Know What's Below

811 Call Before You Dig

Call Before You Dig!


Taste & Odor Event-May 2016

Greenwood CPW water customers may notice an unusual taste and odor in the drinking water over the next couple of weeks.  Seasonally, during this time of year, algae growing in Lake Greenwood will produce organic compounds that will cause taste and odor in the drinking water.  The water will have an earthy or musty taste and odor but the water is still safe to drink.  Powdered activated carbon is added to the lake water in sufficient amounts to remove the organic compounds that cause the taste and odor.  Greenwood CPW works diligently around the clock to maintain excellent water quality that exceeds federal and state drinking water standards.  Please report any unusual water quality concerns you may have and thank you for your patience during this event.


CPW Cares!

The CPW has set up a fund called "CPW Cares" which allows you to make contributions to help people in the Greenwood community who are having trouble paying their utility bills. Click here for more information.




Welcome to the Commissioners of Public Works in Greenwood, SC!

Our mission is to provide clean water, efficient burning natural gas, and dependable electricity service to the businesses and citizens of Greenwood at the lowest possible cost.


The next CPW bid opening/meeting:

The next board meeting of the Commissioners of Public Works will be Thursday, July 14, 2016 at 10:00am.


Looking for more information on your sewer bill?
Please visit Greenwood Metro


Greenwood CPW News

Identity Theft Protection Tips

Identity theft is a crime in which an impostor obtains key pieces of personal identifying information (PII) such as Social Security numbers and driver's license numbers and uses them for their own personal gain. It can start with lost or stolen wallets, stolen mail, a data breach, computer virus, “phishing” scams, or paper documents thrown out by you or a business in a trash container.

How can I minimize my risk of becoming an identity theft victim?

As consumers, you have little ability to stop or prevent identity theft. However, there are some positive steps to take which will decrease your risk.

Don’t give out your SSN unnecessarily (only for tax reasons, credit or verified employment.) Before providing personal identifiers, know how it will be used and if it will be shared.

Use a cross-cut shredder to dispose of documents with personal information. Also, use a specialized gel pen when writing out checks.

STRENGTHEN PASSWORDS- Should be more than 8 characters in length, contain both capital & lowercase letters and either one number or non-alphabetic character. Use of non-dictionary words is also recommended-such as an acronym that you can remember. Avoid using children, spouse or pet names as they are the easiest to find out.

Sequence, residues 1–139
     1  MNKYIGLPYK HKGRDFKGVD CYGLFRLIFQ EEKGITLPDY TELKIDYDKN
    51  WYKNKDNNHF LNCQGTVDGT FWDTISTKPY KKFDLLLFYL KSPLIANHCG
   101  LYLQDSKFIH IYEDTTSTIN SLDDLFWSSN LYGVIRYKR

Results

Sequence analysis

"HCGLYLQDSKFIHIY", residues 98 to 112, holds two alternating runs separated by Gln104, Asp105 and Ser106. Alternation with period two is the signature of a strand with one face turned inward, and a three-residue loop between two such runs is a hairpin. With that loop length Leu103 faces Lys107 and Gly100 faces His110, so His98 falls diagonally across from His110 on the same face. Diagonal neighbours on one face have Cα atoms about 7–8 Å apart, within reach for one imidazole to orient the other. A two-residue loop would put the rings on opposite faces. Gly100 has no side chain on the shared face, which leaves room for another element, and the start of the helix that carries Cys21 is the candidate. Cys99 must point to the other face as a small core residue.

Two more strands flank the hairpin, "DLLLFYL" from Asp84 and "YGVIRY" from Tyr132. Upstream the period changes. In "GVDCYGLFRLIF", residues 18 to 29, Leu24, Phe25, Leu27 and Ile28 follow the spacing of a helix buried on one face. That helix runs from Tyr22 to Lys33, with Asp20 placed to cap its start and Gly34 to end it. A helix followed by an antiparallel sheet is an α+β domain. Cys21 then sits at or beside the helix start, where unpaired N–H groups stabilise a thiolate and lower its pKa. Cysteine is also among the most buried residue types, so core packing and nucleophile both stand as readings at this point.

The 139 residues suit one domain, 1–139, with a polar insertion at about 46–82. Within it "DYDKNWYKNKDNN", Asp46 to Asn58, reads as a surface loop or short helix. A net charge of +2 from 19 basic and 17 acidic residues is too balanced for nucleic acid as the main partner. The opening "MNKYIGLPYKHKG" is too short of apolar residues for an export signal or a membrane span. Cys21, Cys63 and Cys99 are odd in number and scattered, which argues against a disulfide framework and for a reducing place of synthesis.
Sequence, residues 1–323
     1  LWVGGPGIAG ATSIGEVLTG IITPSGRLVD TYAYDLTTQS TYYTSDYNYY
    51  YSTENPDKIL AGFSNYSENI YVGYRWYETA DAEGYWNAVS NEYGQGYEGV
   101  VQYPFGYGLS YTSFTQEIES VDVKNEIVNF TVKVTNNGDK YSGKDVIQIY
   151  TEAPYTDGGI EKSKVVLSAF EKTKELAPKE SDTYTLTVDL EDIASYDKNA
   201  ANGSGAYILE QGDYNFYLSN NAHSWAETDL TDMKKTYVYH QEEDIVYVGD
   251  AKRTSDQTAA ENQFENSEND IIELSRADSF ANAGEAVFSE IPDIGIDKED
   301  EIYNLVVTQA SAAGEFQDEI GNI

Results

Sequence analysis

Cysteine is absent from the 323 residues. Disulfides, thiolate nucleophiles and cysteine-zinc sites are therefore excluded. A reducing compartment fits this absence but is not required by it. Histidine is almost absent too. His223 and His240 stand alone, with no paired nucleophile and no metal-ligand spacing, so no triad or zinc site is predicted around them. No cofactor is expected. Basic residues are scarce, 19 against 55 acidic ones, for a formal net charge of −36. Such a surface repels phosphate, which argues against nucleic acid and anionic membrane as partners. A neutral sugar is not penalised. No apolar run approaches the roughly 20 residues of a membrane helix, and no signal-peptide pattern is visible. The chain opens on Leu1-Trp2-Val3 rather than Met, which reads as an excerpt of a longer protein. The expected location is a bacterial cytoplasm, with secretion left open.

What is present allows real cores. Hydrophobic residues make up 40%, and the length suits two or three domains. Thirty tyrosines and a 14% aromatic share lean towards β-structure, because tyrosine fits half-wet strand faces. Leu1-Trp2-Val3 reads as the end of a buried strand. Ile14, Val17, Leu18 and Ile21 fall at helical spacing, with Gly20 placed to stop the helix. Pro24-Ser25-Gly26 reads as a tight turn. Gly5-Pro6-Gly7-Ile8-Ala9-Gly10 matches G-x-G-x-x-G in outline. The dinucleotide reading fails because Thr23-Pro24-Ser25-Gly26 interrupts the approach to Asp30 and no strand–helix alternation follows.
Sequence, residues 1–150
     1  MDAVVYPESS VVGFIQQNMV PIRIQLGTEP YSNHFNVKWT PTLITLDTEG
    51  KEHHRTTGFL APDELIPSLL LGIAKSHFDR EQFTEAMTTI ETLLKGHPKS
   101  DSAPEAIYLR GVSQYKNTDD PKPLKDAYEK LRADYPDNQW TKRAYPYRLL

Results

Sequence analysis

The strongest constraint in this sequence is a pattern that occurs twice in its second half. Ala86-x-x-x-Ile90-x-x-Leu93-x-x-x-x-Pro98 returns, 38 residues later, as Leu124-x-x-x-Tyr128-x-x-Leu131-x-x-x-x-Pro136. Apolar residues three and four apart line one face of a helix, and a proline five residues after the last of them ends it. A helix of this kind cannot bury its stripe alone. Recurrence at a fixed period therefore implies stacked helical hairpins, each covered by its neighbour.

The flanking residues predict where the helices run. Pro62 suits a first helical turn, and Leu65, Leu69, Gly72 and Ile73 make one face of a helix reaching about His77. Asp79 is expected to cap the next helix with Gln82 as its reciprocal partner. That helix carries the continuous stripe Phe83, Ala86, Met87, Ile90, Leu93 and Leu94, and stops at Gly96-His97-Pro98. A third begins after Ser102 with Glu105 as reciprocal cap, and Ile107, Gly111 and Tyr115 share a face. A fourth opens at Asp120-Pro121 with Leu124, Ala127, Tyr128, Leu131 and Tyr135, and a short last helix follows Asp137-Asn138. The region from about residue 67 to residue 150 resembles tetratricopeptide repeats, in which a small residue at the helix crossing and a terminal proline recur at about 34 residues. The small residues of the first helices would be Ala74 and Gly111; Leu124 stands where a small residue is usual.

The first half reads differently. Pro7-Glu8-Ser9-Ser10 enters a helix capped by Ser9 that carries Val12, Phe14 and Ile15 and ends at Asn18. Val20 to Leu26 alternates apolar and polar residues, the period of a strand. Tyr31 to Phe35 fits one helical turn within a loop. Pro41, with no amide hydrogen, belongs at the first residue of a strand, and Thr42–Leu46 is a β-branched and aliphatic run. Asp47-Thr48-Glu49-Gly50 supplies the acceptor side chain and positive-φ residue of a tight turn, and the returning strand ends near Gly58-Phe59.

HANDLE PERSONAL IDENTIFICATION INFORMATION WITH CARE- NEVER share your personal information, including birthday, Social Security number or banking account information. Use a cross-cut shredder to dispose of documents with personal information. Use firewall software to protect your computer information and keep virus and spyware software programs up to date on your computer.

READ CREDIT REPORTS ANNUALLY – Reduce the number of preapproved credit card offers you receive by calling 888-5OPT-OUT (888-567-8688). Know your billing cycles and contact creditors when bills fail to show up. Review bank and credit card statements carefully for any unusual activity. Password protect your financial accounts with a strong password-never use the same password for your accounts. Order your free annual credit reports online at for by calling 877-322-8228 and look over your information for any strange or unfamiliar accounts/activity. You can also freeze your credit report – for more information go to

EMPTY YOUR PURSE/WALLET – Don’t carry any credit cards or other personal id that are not necessary and never carry your social security card with you

DISCUSSS TIPS WITH FRIENDS/FAMILY- Talk about and discuss these tips as well as others with family and friends and be aware of scams and/or other fraudulent activities around your area, especially that target the elderly family members and friends


What can I do to protect myself against fraud?

Never wire money to someone you don’t know – regardless of the situation. Once you wire money, you cannot get it back.

What can I do to protect myself against fraud?


Never wire money to someone you don’t know – regardless of the situation. Once you wire money, you cannot get it back.

Do not accept offers from anyone, including those claiming to be CPW employees, to pay your bill or provide any other service for a fee.

Don’t assume the name and number on your caller ID are legitimate. Caller IDs can be spoofed.